A year ago Helen Clark’s government was in its death throes, a week away from election defeat. John Key was on a roll. He still is.
Key is set to roll over the top of Phil Goff in 2011. Indeed, the spectre for Labour is National’s fall in 2002 after losing power in 1999.
It is not beyond imagining that Labour could come in below its 2008 vote and the Greens not get 5 per cent, in which case National then cruises with an easy majority through a second term. A complicating factor in that event could be a despairing vote by some to lift New Zealand First back over 5 per cent to provide the sort of antidote United Future provided to Labour in 2002 when National was down and out.
A low vote in 2011 could potentially block Labour from power until 2017, by when, after Simon Power’s two referendums, there might be a voting system that gives more weight to electorate seats where National has an advantage.
Why might Labour conceivably go backwards in 2011? Not because it is in a mess. As parties go after an election defeat, especially after a long spell in office, Labour is in good shape. Money is short because Clark drove the party into debt in her drive to cling to power last November 8. But there was a smooth change of leadership in the caucus and the party organisation, there is a vigorous contingent of new young MPs and there is new thinking in the wider party.
Labour’s longer-term future looks promising. With new international thinking on social and economic issues coming more from what might be called the “left” than what might be called the “right”, Labour has an opportunity to recast the political language in terms closer to its basic message.
But that would be academic if Labour can’t get the numbers to express its new thinking in terms of government programmes until 2014 or 2017.
The reasons for Labour’s troubles lie on the other side of the House.
One is Key’s personality. He engages. He doesn’t hate. He looks at home with people of widely varying backgrounds and foregrounds. Unionists got a taste of that at the Council of Trade Unions conference last week when he fronted hostile questions in a friendly but firm manner. He didn’t exactly seduce them but he gave them no grounds to entrench bitterness.
Even when he makes cultural gaffes, as he did at the Chinese new year in Auckland, Key is forgiven.
Come 2011 he should still be fresh enough to be making friends.
The second reason follows from the first.
The Maori party has had a number of good reasons to complain about its treatment by ministers, the most recent being the handling of Te Puni Kokiri officials over the Maori Television bid for the rugby world cup rights backed by Pita Sharples. A number of the government’s bills have gone against the party’s grain.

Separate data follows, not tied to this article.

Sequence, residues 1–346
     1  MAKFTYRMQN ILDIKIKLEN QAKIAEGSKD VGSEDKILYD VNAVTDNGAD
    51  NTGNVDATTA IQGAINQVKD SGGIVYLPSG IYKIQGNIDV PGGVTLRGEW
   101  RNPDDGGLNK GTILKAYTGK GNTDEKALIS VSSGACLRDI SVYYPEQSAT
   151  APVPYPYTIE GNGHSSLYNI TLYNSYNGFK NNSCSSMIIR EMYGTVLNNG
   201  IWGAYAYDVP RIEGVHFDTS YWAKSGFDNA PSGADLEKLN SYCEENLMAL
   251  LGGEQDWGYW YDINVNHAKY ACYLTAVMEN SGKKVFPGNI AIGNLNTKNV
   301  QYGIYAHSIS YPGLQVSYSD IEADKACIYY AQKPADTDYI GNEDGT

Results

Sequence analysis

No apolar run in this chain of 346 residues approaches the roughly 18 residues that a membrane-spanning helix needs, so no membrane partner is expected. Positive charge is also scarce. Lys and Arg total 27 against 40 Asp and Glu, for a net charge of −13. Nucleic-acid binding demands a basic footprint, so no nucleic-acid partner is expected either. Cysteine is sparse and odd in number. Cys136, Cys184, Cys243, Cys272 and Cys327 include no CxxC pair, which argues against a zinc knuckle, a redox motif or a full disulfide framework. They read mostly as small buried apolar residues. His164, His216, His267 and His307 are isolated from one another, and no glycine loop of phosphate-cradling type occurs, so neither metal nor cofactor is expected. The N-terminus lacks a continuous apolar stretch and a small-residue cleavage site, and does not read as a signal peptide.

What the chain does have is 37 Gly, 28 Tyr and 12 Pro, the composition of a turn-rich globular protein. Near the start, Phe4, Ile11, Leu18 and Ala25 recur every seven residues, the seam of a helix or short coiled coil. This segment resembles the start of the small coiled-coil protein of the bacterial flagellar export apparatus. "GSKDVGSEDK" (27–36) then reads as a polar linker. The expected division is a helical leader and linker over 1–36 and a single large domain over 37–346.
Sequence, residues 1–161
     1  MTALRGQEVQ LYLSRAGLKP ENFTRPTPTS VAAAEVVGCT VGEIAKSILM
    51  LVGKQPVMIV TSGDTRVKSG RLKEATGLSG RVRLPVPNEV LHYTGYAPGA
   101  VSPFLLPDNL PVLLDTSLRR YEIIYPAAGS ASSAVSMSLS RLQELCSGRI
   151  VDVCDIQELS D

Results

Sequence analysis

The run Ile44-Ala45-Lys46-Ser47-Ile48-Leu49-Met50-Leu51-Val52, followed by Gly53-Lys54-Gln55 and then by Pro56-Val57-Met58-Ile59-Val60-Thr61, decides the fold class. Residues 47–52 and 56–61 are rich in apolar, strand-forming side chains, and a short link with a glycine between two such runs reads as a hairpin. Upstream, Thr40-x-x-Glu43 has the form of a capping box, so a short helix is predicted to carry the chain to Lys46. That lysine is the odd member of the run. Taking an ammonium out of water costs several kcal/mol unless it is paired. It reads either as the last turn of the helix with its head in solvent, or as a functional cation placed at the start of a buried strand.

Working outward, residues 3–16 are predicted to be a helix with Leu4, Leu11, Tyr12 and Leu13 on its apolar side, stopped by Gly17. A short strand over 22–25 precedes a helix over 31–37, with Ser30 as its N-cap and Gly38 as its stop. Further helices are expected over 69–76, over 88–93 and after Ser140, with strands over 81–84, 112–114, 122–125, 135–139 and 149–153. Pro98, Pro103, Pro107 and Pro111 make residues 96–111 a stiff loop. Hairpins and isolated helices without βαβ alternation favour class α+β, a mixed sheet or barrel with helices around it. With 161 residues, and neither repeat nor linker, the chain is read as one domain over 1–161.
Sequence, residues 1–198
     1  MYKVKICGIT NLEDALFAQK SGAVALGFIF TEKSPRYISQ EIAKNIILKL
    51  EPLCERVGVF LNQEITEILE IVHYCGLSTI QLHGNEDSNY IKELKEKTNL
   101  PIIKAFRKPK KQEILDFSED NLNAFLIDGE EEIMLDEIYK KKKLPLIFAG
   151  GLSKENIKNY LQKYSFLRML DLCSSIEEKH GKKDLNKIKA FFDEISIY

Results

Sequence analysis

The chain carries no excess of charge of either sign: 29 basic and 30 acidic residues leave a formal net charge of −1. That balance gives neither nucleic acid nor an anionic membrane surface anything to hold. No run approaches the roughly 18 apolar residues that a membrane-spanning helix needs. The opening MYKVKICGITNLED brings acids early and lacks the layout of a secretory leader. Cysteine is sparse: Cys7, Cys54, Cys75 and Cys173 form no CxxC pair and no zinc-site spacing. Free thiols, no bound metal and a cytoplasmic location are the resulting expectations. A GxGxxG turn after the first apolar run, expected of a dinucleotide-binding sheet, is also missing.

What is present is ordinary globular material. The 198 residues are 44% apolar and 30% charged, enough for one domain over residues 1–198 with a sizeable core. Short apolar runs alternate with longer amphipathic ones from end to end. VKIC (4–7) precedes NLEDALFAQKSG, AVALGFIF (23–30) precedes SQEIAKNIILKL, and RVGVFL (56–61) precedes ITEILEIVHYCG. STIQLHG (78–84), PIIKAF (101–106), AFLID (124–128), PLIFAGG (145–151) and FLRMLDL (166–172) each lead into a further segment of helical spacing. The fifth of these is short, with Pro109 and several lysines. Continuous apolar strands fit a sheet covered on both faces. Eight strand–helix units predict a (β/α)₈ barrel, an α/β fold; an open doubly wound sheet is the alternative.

But Key is able to sweet-talk Sharples around every time — even when, after the world cup episode, Sharples goes publicly ballistic. There is no compelling reason Key will not keep the Maori party in the tent through to and at the 2011 election.
The third reason is the economy. The crisis has passed (for now), unemployment is low by 1990s standards and most households are better off than a year ago. But after the scare people (except those directly affected) are less resistant to the government being less generous.
There is a good chance that mood will last through to 2011.
The fourth reason is Labour’s invisibility. That is not Labour’s fault. It has a innovative website which is scoring well. It pours out press statements, many of which make a real point. It joins protests and organises meetings. Labour is not silent.
But a government does things. And a new government does new — or new-ish or at least different — things. That commands attention — all the more so when Goff and Annette King have been on television screens for nine years in the Clark government and even reaching all the way back into the 1980s.
Fifth, the government hasn’t trodden on too many toes yet. Over the next two years the count will rise but should still be low enough for Key to keep most of the votes he got in 2008 and maybe even pick some up.
Sixth, governments are managerial more than ideological now. Voters are much less loyal to a single party than 40 years ago. If a government looks to be in charge, tolerably competent and not doing too much damage, voters are likely to stick with it.
It is at this point Labour has good reason to discount a lower vote. Key has run a loose cabinet and ministry which gets into a muddle too often. The scramble to stitch a majority for the ACC bill was a recent example. Bill English’s house finances should have been cleaned up far more quickly. His Television New Zealand ad is a bad look.
If, come this time next year, Key hasn’t tightened his administration, his and his government’s star poll ratings will likely droop.
In that event a second term for Key will still be likely. But not with the comfortable margin he has as he celebrates his first anniversary.